This is where you can step in to clear the problem, where by simply force-quitting the process, you will instruct the launcher to detect the missing process and have it respond by launching another instance of it, when needed.
Managing persistent hangs
If you have a process or program that continually hangs, then there are a few things you can try. Generally, this happens because of improper settings for the process, or through some odd interaction with other running programs or services; however, it can also happen because of poor coding in the process. The later of these is out of your control and will require a software update to fix, but the first two are something you may be able to manage.
One approach for this is to remove relevant preference files for the process (you may have to perform a Web search to determine the appropriate settings files to remove). Alternatively, you can force-quit and then relaunch a program to then access its built-in settings panels and troubleshoot by toggling various settings you think might be relevant.
A second option you have is to investigate whether third-party software you have installed may be contributing to the problem. This can be as easy as uninstalling software you do not use, but you might also have to do Web searches and ask on support forums to determine if the problem is experienced by others, and see if there is a possible solution you can try.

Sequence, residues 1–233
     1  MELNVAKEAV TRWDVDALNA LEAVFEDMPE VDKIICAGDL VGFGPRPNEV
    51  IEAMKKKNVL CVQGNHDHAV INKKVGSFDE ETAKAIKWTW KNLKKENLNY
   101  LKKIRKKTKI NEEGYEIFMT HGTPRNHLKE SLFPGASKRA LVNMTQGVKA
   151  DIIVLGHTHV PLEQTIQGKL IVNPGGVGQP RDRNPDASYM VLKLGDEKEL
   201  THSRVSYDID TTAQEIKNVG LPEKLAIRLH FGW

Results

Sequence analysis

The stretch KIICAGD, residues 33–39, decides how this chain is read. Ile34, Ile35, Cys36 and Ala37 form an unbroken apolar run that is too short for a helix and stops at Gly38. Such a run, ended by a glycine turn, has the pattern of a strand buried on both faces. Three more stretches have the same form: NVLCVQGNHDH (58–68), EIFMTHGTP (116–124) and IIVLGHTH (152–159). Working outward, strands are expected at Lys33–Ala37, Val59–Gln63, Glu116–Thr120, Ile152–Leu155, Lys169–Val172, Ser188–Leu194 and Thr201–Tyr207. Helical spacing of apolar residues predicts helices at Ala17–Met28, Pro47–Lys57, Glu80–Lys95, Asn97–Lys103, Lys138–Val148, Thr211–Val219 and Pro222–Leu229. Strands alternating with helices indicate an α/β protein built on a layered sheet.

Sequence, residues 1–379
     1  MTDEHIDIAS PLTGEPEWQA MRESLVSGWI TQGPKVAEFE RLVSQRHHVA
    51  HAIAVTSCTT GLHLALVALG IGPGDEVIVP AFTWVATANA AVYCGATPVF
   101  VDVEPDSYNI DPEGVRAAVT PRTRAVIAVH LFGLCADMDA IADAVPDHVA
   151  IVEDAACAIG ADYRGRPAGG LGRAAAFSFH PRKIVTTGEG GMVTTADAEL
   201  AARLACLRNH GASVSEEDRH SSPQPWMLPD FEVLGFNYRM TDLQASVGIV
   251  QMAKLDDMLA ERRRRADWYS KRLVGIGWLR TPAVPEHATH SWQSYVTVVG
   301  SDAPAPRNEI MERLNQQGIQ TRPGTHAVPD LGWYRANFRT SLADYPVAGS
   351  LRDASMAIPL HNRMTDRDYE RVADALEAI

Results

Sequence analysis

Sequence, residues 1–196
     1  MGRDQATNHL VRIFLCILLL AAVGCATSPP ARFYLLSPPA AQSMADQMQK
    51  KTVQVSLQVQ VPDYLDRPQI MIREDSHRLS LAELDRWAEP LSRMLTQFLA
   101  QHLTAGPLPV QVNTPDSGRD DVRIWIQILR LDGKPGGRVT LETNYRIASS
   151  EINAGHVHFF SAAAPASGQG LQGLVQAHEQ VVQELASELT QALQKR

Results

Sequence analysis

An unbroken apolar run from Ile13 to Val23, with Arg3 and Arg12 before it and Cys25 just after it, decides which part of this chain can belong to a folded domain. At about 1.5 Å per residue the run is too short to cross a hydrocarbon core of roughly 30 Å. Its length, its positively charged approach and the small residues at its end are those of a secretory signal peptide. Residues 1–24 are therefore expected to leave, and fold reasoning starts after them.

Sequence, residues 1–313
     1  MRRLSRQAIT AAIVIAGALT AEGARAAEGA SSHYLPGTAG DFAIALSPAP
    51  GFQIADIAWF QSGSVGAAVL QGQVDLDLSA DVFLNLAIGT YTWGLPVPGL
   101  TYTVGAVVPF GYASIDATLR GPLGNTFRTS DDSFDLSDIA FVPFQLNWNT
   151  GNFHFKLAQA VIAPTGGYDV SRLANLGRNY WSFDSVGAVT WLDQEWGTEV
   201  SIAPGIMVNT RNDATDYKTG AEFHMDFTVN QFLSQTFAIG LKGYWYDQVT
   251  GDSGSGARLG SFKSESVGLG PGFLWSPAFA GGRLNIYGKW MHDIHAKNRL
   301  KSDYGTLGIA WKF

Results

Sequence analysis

Running the latest Mavericks on a mid-2010 MBP 7,1; 8GB memory, 120GB SSD. Am continually having to relaunch Finder while attempting to save rtfd’s in TextEdit. The usual culprit is com.apple.appkit.xpc.openAndSavePanelService
I just stumbled upon a really great app last night called LaunchControl (it had recently been updated on MacUpdate.com, which is how I noticed it). It displays all of the services that are spawned at startup, as well as any errors and the causes of those errors. It also has a robust means of handling errant processes with logic and scripts. Since I’ve only just spent a few minutes with the app, I don’t fully understand it all yet, but I’ve already discovered and deleted many process-turds from long-deleted software on two of my Macs. Looks like it’s definitely worth its $10 asking price.
Given what you’ve just said, you might like to check out the free EtreCheck.
MenuMeters is great to spot excessive CPU usage et al